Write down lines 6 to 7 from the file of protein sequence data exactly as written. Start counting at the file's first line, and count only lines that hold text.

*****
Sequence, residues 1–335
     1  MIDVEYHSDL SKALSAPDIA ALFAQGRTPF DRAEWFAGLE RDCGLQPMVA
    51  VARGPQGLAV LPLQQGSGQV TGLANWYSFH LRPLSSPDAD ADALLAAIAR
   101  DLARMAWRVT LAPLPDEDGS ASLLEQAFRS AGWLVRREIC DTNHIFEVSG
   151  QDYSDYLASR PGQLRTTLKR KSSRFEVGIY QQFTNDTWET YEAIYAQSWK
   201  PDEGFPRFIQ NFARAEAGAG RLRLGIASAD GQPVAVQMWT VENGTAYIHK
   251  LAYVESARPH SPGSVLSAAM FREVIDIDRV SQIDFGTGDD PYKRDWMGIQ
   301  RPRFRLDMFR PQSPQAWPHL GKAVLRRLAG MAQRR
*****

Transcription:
   201  PDEGFPRFIQ NFARAEAGAG RLRLGIASAD GQPVAVQMWT VENGTAYIHK
   251  LAYVESARPH SPGSVLSAAM FREVIDIDRV SQIDFGTGDD PYKRDWMGIQ